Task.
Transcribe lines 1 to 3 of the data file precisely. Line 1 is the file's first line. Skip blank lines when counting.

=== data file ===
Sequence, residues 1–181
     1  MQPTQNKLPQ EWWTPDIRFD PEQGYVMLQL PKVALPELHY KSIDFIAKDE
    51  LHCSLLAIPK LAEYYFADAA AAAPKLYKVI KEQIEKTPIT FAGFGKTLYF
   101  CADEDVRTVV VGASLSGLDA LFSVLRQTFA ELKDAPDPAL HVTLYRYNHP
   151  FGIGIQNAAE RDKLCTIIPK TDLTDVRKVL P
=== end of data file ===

Sequence, residues 1–181
     1  MQPTQNKLPQ EWWTPDIRFD PEQGYVMLQL PKVALPELHY KSIDFIAKDE
    51  LHCSLLAIPK LAEYYFADAA AAAPKLYKVI KEQIEKTPIT FAGFGKTLYF